This is a tricky question that was answered in Funai Electric Co. v. United States . The underlying issue has to do with a determination by the International Trade Commission that certain imported digital televisions infringed a U.S. patent. As a result, the ITC issued an exclusion order requiring Customs and Border Protection to prohibit entry of the infringing televisions. This all happens under 19 U.S.C. sec. 1337 in what is called a 337 case. Following the exclusion order, some of the infringers developed a work-around to produce what they believed to be non-infringing televisions. They then went to Customs to get a ruling confirming the admissibility of the new televisions. Customs provided the ruling . Seeing the value of their exclusion order evaporate, the patent holder went to the Court of International Trade seeking a declaratory judgment or other relief holding that Customs has no authority to determine the scope of an ITC exclusion order. Rather, that task should fal

My Service To You

I read Rodrogue, so you don't have to. United States v. Rodrogue involves a technical issue in which the United States attempted to cure defective service on the defendant. Service is the means by which a defendant is notified of a claim against it. If service is not made properly, the Court does not have jurisdiction. In this case, the US sought leave of the Court to extend the 120-day service period by an additional 90 days and to permit service by public notice. Public notice service is based on the legal fiction that people actually read the legal notices buried in the back of the newspaper. The gist of the facts is that Customs repeatedly tried to serve the defendant's at the wrong addresses. One defendant was finally served, but after the statute of limitations and the 120-day period for service had run. The other defendant was never served. The upshot is that the United States needed to show good cause for its failure to serve. If it does show good cause, the Cou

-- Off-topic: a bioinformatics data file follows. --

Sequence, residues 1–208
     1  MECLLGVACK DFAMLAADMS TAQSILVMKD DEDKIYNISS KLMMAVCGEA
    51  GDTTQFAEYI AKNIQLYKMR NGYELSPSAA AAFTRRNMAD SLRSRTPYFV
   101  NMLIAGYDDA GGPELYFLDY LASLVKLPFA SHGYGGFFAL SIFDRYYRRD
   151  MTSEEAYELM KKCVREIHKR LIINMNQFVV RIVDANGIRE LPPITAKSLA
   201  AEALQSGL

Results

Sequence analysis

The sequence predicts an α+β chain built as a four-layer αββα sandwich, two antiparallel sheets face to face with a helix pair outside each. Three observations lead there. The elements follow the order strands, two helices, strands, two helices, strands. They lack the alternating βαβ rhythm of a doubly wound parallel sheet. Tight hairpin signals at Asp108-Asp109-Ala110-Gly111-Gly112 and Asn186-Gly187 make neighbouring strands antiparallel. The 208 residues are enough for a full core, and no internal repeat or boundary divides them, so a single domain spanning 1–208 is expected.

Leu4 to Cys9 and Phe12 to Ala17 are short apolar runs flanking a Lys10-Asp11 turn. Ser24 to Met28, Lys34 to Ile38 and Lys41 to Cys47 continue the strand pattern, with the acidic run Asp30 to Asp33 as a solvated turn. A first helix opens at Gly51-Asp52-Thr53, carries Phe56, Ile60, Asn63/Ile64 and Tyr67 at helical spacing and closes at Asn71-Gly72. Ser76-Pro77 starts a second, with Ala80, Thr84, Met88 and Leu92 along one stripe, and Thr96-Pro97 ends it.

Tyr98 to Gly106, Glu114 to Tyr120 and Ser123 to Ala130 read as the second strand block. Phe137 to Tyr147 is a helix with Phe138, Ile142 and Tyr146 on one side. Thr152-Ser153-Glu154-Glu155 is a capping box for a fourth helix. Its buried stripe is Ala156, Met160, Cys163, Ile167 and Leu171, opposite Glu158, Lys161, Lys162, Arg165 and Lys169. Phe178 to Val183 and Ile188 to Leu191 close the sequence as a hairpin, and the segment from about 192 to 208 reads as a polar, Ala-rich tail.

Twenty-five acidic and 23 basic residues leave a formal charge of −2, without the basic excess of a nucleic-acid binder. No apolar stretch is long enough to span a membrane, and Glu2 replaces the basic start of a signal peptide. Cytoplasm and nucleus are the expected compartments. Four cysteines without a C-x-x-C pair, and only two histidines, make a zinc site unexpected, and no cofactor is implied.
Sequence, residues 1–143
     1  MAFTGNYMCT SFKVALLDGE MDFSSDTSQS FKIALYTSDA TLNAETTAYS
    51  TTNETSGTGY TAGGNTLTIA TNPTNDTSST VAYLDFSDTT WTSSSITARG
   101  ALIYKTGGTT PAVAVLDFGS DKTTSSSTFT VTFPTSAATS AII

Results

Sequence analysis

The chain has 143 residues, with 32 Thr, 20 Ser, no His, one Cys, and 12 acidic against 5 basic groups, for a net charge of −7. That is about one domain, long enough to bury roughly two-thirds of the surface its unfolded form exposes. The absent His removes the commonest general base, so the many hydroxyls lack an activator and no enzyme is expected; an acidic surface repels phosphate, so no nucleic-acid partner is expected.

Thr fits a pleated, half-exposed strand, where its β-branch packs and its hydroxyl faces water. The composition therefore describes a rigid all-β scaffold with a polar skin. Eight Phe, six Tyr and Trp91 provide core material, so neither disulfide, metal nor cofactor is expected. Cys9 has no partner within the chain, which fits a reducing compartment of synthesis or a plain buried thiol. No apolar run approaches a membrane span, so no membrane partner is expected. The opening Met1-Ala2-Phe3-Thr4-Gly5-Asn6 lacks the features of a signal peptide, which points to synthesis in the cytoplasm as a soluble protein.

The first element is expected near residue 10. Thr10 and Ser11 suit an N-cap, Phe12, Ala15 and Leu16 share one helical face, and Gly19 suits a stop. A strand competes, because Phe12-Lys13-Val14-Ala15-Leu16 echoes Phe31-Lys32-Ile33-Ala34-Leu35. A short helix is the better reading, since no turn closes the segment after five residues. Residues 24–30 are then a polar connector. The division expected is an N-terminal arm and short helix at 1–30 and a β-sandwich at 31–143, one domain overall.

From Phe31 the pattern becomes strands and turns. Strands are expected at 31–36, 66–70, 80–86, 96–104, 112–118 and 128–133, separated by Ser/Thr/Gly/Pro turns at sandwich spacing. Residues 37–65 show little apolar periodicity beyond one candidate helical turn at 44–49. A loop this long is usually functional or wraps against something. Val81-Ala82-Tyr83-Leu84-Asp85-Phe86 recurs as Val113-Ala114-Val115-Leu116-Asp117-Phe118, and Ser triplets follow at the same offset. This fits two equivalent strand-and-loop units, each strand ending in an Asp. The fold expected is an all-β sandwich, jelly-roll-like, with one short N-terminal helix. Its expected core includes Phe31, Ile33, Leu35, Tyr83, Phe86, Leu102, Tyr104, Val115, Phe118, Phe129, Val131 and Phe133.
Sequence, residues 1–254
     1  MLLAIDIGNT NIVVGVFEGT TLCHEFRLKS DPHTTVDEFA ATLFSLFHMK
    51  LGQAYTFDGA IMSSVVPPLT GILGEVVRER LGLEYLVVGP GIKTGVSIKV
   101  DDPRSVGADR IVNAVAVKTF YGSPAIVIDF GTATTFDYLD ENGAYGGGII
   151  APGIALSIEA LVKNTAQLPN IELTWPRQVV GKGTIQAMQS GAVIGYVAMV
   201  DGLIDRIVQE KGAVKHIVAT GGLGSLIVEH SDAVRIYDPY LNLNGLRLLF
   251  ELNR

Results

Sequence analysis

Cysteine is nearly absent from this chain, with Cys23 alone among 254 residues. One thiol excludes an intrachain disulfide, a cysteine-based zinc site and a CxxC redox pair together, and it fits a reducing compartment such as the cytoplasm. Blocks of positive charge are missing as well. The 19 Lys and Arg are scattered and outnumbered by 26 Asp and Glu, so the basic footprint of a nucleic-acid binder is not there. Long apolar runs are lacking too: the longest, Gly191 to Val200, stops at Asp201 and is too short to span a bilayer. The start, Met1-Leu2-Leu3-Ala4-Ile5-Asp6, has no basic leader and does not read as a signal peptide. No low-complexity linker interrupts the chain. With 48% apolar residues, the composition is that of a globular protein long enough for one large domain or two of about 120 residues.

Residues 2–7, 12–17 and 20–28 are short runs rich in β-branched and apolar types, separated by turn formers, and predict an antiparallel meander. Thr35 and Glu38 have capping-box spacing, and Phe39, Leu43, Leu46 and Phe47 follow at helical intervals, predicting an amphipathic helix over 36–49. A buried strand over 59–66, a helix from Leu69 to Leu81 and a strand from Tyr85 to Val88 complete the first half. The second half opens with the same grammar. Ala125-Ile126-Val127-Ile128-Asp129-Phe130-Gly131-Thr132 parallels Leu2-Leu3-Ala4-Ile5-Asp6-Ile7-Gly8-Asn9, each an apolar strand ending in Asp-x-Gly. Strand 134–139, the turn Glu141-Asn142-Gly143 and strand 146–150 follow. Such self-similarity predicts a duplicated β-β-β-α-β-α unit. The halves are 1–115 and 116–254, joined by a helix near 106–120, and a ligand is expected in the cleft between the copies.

Update: News of the Weird

Back in August on 2008, I blogged the story of a customs broker who was being investigated after having gone to the Federal Reserve to turn in some battered currency for clean new money. According to the original story , the money was found in Mexico. Yesterday, the Washington Post ran an update on the story. The money involved totaled some $6.4 million and was found buried at a warehouse in Mexico. As it turns out, and contrary to my first post, the broker involved appears to have crossed all the t's and dotted all the i's to properly bring the currency into the U.S. Still, there is something fishy going on as there was a settlement payment made to the U.S. Assuming this were truly just found money, it's not clear to me that there would be any need to settle anything. So, is there something more to this? Even with that tail hanging just a bit, it's nice to have an end to the mystery.

Epilogue: The Wrath of Kahrs

We are in the final stretch. I hope this is the last post on this case. Kahrs's ( grammar note : that looks awful) final argument has to do with 19 USC 1625 and the rule that once Customs has issued an interpretive ruling or settled on a uniform treatment of merchandise, it has to respect that practice. To change practice, Customs is required to go through a public notice and comment process. Kahrs takes the position that prior denied rulings, multiple intensive reviews, and hundreds of liquidations count as interpretive rulings, which cannot be undone via a simple CF-29 Notice of Action. Initially, the Court held that denied protests are not interpretive decisions within the meaning of the statute. The law does provide that "protest review decisions" are interpretive rulings. Simple denied protests, however, are outside the scope of 1625. Ditto the liquidation and intensive examinations. To make things worse for Kahrs, the Court noted that is 2001, Customs did go

On the Apostrophe